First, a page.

Host: And Bubs Australia, okay. Well of course, Bubs just listing last week, coming on at 10 cents now trading at about 21 cents, so it’s had that big rise. It’s off about 12.8% at the moment. ERA, it’s up 18% there today. David, I just might get a thought from you on either of those stocks if you follow them.
David Novac: Well, ERA, obviously you’ve got to have a bullish view on uranium and certainly the price of uranium has not been bullish, and to everybody’s dismay, especially for stocks like Paladin (which has just been shocking for investors), it hasn’t shown me right now that it’s a buy.
I think it’s spiked up here on expectation on what Trump’s comments of around, maintaining its nuclear, or increasing their nuclear armaments, and using nuclear power.
Seeing as since the Fukushima disaster, you know, the uranium price has just not recovered. ERA is not a buy, just from my like, it’s not investment grade. They’ve been losing money, their balance sheet is under distress, which means they’re in a lot of debt, and I don’t see a strong recovery in the Uranium price right now. But obviously people are buying. There are punters out there who are buying the stock and it’s jumped, as you can see on that chart there.
Host: Yes, huge jump
David Novac: I’d be taking some money off the table on this one, certainly today that’s for sure.
Host: Yes, obviously moving off the back of that Uranium price, but given those underlying fundamentals are you cautious as well on this stock?
Martin Crabb: I think the Ranger mine is closed isn’t it, I mean they’re not mining anything, so, it’s an option on an option. So if Trump starts building nuclear power stations and demand for uranium goes up, then that’s great for ERA, if they can get the Ranger mine back into production that’s great for ERA, but then the share price seems to be already moving ahead of that already.
So, look it’s an absolute speculator, it’s like betting on a number at the roulette table. You need everything to go right for you. So, good luck with it, if you own it, you’ve been a long-suffering shareholder, you know, now’s the time to take the money off the table I think.
Host: Yes, 19.8% high, 66.5c at the moment. Paladin, it’s up about 6% as well, 8.9c. Now, Bubs as we mentioned, an interesting one, 21c it’s trading at. This is the newly listed infant formula and organic baby food company.
Quite an impressive line-up of investors that came in for this, you know this IPO. More broadly, if you haven’t been looking at Bub, I mean, would, is the space presenting opportunities? Obviously Bellamy’s not such a good story, but would you be investing in any of these in this sector?
David Novac: A2 Milk I quite like. But, not Bubs, I’m just looking at this one, it’s just gone from zero to 44c recently, and pull back sharply to around 21. It’s had no positive earnings since 2009. It’s under distress. I don’t know what their balance sheet looks like now, but coming back on line, they’ve obviously recapitalized. I would not be buying this stock until I saw some financials and got some more history on earnings. Looking at their past, shocking. But again, they’ve probably restructured the whole business, and so we’ll just look at it. I can’t give any further comment about it.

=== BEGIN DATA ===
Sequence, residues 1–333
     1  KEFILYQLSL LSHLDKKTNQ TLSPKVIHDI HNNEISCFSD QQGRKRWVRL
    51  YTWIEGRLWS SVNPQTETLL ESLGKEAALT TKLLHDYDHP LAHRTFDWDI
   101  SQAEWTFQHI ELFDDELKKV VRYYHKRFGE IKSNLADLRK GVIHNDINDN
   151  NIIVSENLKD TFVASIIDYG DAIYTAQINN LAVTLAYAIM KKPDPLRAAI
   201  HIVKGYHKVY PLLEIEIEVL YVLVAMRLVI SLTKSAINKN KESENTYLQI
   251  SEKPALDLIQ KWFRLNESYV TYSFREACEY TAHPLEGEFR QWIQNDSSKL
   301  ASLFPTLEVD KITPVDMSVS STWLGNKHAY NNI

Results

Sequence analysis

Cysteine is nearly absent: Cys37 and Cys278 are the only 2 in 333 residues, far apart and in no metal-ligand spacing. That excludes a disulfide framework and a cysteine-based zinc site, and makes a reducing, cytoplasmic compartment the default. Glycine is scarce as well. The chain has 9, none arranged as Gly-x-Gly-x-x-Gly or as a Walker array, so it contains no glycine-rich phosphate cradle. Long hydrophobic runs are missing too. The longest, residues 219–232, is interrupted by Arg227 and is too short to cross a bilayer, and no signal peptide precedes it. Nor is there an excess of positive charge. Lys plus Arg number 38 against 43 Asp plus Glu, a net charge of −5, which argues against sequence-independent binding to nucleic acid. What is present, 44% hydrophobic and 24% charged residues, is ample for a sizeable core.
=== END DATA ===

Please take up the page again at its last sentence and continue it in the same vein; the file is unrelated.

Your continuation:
Host: Sure. Just on the Bellamy’s story, and tying in, I suppose, with the broader sector. Leo is asking, he’s currently holding Bellamy’s, since the large decrease in stock price. Is it time to sell, wait it out, or accumulate more? Your advice would be greatly appreciated, thanks Leo.
Martin Crabb: Yes, that’s a tough one, that’s a real tough one isn’t it? I mean we were saying what a disaster this company has been, and not just from the share price perspective, but what’s been happening behind the scenes, and it seems the company is sort of mismanaging its inventory, so, you know the balance sheet’s now under pressure, there’s concerns about suppliers having a lien over the asset, can they with the new management, it’s almost like a receiver’s been brought in to tidy the thing up.
So, what should be a good story, i.e. Chinese domestic milk formula was poisoned years ago, Chinese mothers do not want to feed their babies poisoned milk, they buy it from Australia and New Zealand which has a clean, green reputation, that’s the story tight? That’s the story that’s been driving all these stocks including the one we spoke about earlier.
So, I think it should be a good thematic. But I just think there’re so many hairs on this story at Bellamy’s, that you’re best off kind of sitting aside, and I think David used the term, let the dust settle, I think that’s probably the prudent thing to do.
I mean, specifically you need to look at your own personal situation to work out what you’re wanting to do, but as a general rule, just standing aside is probably the prudent thing to do.
Host: Okay, and as we heard earlier, some of those brokers saying look, it could be an 18 month turnaround story, so who knows. Wait for the dust to settle, I think that’s some good advice there.
Let’s take a break on that note. When we return we’ll take a look in more detailed at the local market. We are still taking your calls, 1300 30 34 35.
Host: Welcome back to the program. This is what we’re watching this hour, the local session is still continuing its rise higher, supported by the lift in commodities, once again up two tenths of a percent, BC Iron shares are lifting at 21.4%, as first half shipments from its Iron Valley reaches 4.2 million tons, earning guidance updated to between 18 and 25 million dollars.
And the healthcare space continuing under pressure, following leads from the US, as Trump attacks big pharmaceuticals.
Also making news this hour, the competition watchdog reviewing BP’s $1.8 million takeover of Woolworths’ petrol stations. And dairy decline. Fonterra saying milk production falling across several key markets.